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  1. #1
    NovalisNova is offline Newbie
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    Default 'Get a nack' of something - please help

    Hello,

    I'm reading a book written by Richardson in 1700s and I ran into an expression that I never read before nor I could find it out in any dictionary. The whole sentence is:

    "But, aunt, but, madam (put in my sister) there is no hurt, I presume, in letting my sister know the condition she goes to Miss Howe upon; since, if he gets a nack of visiting her there"

    At this point of the story there are Clary, the main character, her brother and her mother which are discussing with each other. Her brother wants to decide upon her the conditions reported above. "if he gets... of visiting her" is referred to a man who is annoying the young Miss and which could decide at any moment, even if she is far away from her house, to visit her.

    Could you please tell me the meaning of that expression? "to get a nack"

    Thank you very much.

  2. #2
    bhaisahab's Avatar
    bhaisahab is offline Moderator
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    Default Re: 'Get a nack' of something - please help

    Quote Originally Posted by NovalisNova View Post
    Hello,

    I'm reading a book written by Richardson in 1700s and I ran into an expression that I never read before nor I could find it out in any dictionary. The whole sentence is:

    "But, aunt, but, madam (put in my sister) there is no hurt, I presume, in letting my sister know the condition she goes to Miss Howe upon; since, if he gets a nack of visiting her there"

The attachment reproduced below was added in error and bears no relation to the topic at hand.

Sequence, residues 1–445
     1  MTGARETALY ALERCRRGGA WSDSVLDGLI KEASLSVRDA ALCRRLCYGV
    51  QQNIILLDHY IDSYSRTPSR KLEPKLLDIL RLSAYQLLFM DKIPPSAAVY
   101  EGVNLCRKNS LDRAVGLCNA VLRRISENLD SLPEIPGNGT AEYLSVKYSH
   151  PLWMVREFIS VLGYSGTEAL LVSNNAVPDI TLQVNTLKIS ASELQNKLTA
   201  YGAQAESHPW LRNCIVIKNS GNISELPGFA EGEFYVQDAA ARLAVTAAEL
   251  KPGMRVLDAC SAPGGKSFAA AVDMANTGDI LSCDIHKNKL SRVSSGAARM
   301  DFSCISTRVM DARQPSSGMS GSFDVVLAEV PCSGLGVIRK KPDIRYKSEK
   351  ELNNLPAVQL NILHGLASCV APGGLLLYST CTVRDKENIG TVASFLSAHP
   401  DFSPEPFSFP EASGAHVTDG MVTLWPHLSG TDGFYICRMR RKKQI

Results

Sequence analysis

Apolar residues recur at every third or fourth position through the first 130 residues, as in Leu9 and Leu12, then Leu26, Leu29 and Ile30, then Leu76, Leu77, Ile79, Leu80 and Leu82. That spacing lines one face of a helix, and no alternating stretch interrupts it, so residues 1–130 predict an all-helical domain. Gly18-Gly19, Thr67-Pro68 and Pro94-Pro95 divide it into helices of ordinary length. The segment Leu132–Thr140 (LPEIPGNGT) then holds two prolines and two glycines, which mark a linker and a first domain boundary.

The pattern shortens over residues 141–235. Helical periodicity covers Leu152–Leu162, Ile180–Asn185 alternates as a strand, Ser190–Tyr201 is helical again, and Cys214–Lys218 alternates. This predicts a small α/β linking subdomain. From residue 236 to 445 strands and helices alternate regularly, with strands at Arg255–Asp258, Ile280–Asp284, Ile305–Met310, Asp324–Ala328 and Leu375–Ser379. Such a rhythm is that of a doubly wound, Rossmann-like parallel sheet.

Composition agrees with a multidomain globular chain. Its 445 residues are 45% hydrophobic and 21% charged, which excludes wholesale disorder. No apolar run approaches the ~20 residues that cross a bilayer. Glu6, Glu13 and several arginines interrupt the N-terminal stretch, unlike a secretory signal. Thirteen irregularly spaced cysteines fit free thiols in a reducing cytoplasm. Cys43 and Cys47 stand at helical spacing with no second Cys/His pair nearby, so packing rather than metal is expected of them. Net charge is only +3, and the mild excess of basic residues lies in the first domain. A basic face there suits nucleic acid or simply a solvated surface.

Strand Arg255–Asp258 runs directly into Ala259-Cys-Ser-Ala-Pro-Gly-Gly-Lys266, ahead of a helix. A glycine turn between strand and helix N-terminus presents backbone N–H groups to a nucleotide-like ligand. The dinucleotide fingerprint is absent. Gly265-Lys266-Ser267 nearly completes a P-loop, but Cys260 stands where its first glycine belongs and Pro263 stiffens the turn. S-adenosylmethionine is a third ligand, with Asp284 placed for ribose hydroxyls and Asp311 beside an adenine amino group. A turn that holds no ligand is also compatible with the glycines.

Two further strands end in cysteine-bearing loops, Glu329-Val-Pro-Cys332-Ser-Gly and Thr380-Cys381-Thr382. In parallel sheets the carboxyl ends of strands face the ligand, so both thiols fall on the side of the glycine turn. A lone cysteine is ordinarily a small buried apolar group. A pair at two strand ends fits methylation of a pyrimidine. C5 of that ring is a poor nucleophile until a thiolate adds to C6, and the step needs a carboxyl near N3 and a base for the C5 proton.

At this point of the story there are Clary, the main character, her brother and her mother which are discussing with each other. Her brother wants to decide upon her the conditions reported above. "if he gets... of visiting her" is referred to a man who is annoying the young Miss and which could decide at any moment, even if she is far away from her house, to visit her.

    Could you please tell me the meaning of that expression? "to get a nack"

    Thank you very much.
    In every reference I can find about Samuel Richardson's "Clarissa", the word is spelled "knack". This use of the word is uncommon to me. For a definition of "knack" look here: knack noun - definition in the British English Dictionary & Thesaurus - Cambridge Dictionaries Online

  3. #3
    NovalisNova is offline Newbie
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    Default Re: 'Get a nack' of something - please help

    Thank you very much bhaisahab. Probably it is a misprint and I could not go back intuitively to the word "knack".

  4. #4
    PhiipL is offline Newbie
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    Default Re: 'Get a nack' of something - please help

    Quote Originally Posted by bhaisahab View Post
    In every reference I can find about Samuel Richardson's "Clarissa", the word is spelled "knack". This use of the word is uncommon to me. For a definition of "knack" look here: knack noun - definition in the British English Dictionary & Thesaurus - Cambridge Dictionaries Online
    It is difficult to learn to ride a bike, but once you get the knack { hang } of it, it soon becomes natural.

  5. #5
    bhaisahab's Avatar
    bhaisahab is offline Moderator
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    Default Re: 'Get a nack' of something - please help

    Quote Originally Posted by PhiipL View Post
    It is difficult to learn to ride a bike, but once you get the knack { hang } of it, it soon becomes natural.
    That sense of "knack" does'nt really work in the original sentence, IMO.

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